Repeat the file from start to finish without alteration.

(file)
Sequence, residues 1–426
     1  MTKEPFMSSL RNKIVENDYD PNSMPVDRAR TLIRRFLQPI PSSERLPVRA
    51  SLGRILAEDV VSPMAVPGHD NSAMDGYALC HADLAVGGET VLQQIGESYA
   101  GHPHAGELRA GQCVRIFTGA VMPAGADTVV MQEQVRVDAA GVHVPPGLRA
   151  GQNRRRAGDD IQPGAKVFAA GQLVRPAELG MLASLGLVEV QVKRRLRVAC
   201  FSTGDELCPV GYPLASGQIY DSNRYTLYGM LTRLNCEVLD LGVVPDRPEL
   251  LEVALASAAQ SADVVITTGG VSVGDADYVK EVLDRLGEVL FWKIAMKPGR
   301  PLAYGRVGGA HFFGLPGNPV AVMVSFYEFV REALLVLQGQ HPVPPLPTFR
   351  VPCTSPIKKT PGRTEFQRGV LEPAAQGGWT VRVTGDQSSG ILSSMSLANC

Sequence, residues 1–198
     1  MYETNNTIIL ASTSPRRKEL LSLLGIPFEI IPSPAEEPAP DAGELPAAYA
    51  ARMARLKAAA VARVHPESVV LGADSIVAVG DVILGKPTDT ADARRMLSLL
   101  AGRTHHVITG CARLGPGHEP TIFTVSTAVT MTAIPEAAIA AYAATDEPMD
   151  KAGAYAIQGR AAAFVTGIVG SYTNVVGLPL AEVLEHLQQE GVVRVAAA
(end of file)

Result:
Sequence, residues 1–426
     1  MTKEPFMSSL RNKIVENDYD PNSMPVDRAR TLIRRFLQPI PSSERLPVRA
    51  SLGRILAEDV VSPMAVPGHD NSAMDGYALC HADLAVGGET VLQQIGESYA
   101  GHPHAGELRA GQCVRIFTGA VMPAGADTVV MQEQVRVDAA GVHVPPGLRA
   151  GQNRRRAGDD IQPGAKVFAA GQLVRPAELG MLASLGLVEV QVKRRLRVAC
   201  FSTGDELCPV GYPLASGQIY DSNRYTLYGM LTRLNCEVLD LGVVPDRPEL
   251  LEVALASAAQ SADVVITTGG VSVGDADYVK EVLDRLGEVL FWKIAMKPGR
   301  PLAYGRVGGA HFFGLPGNPV AVMVSFYEFV REALLVLQGQ HPVPPLPTFR
   351  VPCTSPIKKT PGRTEFQRGV LEPAAQGGWT VRVTGDQSSG ILSSMSLANC

Sequence, residues 1–198
     1  MYETNNTIIL ASTSPRRKEL LSLLGIPFEI IPSPAEEPAP DAGELPAAYA
    51  ARMARLKAAA VARVHPESVV LGADSIVAVG DVILGKPTDT ADARRMLSLL
   101  AGRTHHVITG CARLGPGHEP TIFTVSTAVT MTAIPEAAIA AYAATDEPMD
   151  KAGAYAIQGR AAAFVTGIVG SYTNVVGLPL AEVLEHLQQE GVVRVAAA